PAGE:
With all of the above said, it is hard to argue with Singer’s dismissive condemnation of Henry Jenkins’ celebration of Comics Studies’ devolution to a “prelapsarian treehouse” (6). Readers may also agree with his critique of Lillian Robinson’s reluctance to read the comics she purports to be analyzing (18-19) and of latecomer comics’ scholars anxious desire to avoid the word “comics” (19). Likewise, chapter one’s essay on Eco and superheroes is careful and revealing, while his dismissal of critics like Ndalianis, Collins, and Kukkonen who have misread Eco for their own problematic purposes is well-taken. Citing Jim McGuigan, Singer charges these critics with reflexively defending superhero comics on the grounds that “popular receptions are… aligned with the scholar’s progressive values” (53). In so doing, they make claims that contemporary superhero comics do not fit comfortably within the theoretical construct Eco provides, while Singer shows that Eco’s work remains more relevant than these critics’.

Chapter two builds on the above in order to deconstruct the supposed difference between “revisionist” and “reconstructive” superhero comics. In this section, Singer suggests that both species betray a nostalgic addiction to their own past, though revisionist comics like Watchmen and Batman: The Dark Knight Returns are more likely to also furnish a critique of the genre and the society that produces them. Singer notes how reconstructive comics’ uncritical pastiches tend to not only consist of pointless revisitations of past characters and themes, but also (sometimes accidentally) express nostalgia for the most problematic portions of America’s past. To be nostalgic for the Silver Age of superheroes, as in the case of Waid and Alex Ross’ Kingdom Come is also to be nostalgic for an even more sexist culture, for Jim Crow, and for endemic homophobia. Singer notes how Warren Ellis’ and John Cassaday’s Planetary flatters readers’ fan knowledge by including obvious intertextual references, but has no purpose beyond celebrating past pop culture and exhibiting a blind allegiance to authority. In the cases of Kingdom Come and Alan Moore and Rob Liefeld’s Judgment Day, Singer argues that revisionist comics’ “darkness” and “gritty realism” are symbolically allied with racial diversity (specifically blackness), and thus the reconstructive condemnation of such comics condemns blackness, while falling into the use of blackface and sambo stereotypes. Similarly, Moore and J. H. Williams’ Promethea, in Singer’s reading, presents itself as feminist while it symbolically “endorses the logic of patriarchy” and implies that rape has positive consequences (85).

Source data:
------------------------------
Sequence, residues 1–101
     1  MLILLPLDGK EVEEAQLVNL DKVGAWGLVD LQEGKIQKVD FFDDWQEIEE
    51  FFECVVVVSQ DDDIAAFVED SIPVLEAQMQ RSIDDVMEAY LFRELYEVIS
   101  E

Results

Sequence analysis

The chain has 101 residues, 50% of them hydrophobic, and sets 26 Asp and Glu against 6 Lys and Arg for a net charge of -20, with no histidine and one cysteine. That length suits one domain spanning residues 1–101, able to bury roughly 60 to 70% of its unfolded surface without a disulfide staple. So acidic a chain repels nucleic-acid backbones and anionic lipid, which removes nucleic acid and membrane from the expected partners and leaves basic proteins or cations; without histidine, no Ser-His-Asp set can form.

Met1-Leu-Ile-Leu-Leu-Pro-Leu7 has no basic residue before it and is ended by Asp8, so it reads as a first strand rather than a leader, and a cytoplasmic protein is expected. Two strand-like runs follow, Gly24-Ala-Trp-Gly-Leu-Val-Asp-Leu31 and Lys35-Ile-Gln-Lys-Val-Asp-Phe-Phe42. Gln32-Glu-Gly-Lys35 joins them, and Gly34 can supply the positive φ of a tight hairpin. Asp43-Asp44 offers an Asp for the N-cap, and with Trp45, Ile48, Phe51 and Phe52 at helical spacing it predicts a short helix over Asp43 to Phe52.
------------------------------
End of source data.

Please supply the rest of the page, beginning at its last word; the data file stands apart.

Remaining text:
This chapter includes a valid critique of a critic like Sean Carney who is quick to attribute his own views to Moore and to ignore the problematic politics of his comics, as well as a less fair critique of Geoff Klock’s How To Read Superhero Comics and Why. Singer acknowledges that Klock does consider the politics of revisionist comics (81), while also drawing from Harold Bloom’s Anxiety of Influence to explore their engagement with their predecessors. Singer argues that Klock is overreliant on Bloom to the exclusion of other theorists and insufficiently attentive to the material conditions of the comics’ production. Nevertheless, Klock’s book is a useful one for understanding revisionist comics like Batman: The Dark Knight Returns. While Klock does not cover all of the angles, it is surely not each critics’ individual job to do so, but the responsibility of the field as a whole. Singer correctly notes that there is more work to be done, but it is a bit unfair to suggest that Klock must be the one to do it.

Chapter three’s reading of Moore and Kevin O’Neill’s The League of Extraordinary Gentlemen follows a similar path. Again, Singer notes that critics tends to find League to be critical of the sexist, racist, and colonialist tendencies of the Victorian era it depicts, while in truth League more frequently reproduces those attitudes. Singer convincingly argues that while the first League volumes present a more critical, complex and nuanced view of empire, race, and sexuality (117-18), the later volumes (Black DossierCentury, and Nemo) devolve into celebrations of the British Adventure Hero, prurient depictions of sexual violence, and stereotypical representations of black and brown people. As Singer shows, comics critics (perhaps blinkered by Moore’s more progressive earlier work) have largely ignored or excused these elements in the name of a misunderstood “postmodernism” (114). In addition, Singer critiques the hypocrisy of Moore’s objections to the appropriation of his own work by others while simultaneously using others’ characters to animate the League franchise. Singer also accurately exposes Moore’s tendency to deflect criticism by asserting that his work is “merely fiction” as inconsistent with his attempts to self-consciously deconstruct the boundary between reality and imagination (104). Likewise, Singer insightfully skewers Moore’s disingenuous arguments using early 20th-century “high art” as a comparative cudgel to bash recent pop culture. Singer’s legitimate ire is directed more at Moore and League than it is at particular critics, though the critical tendency to treat reactionary texts as subversive and/or progressive is also effectively exposed. In truth, though Moore’s work is still occasionally fascinating reading, it more frequently has the pitfalls that Singer identifies, and Singer does the cottage industry of Moore criticism a service by pointing them out.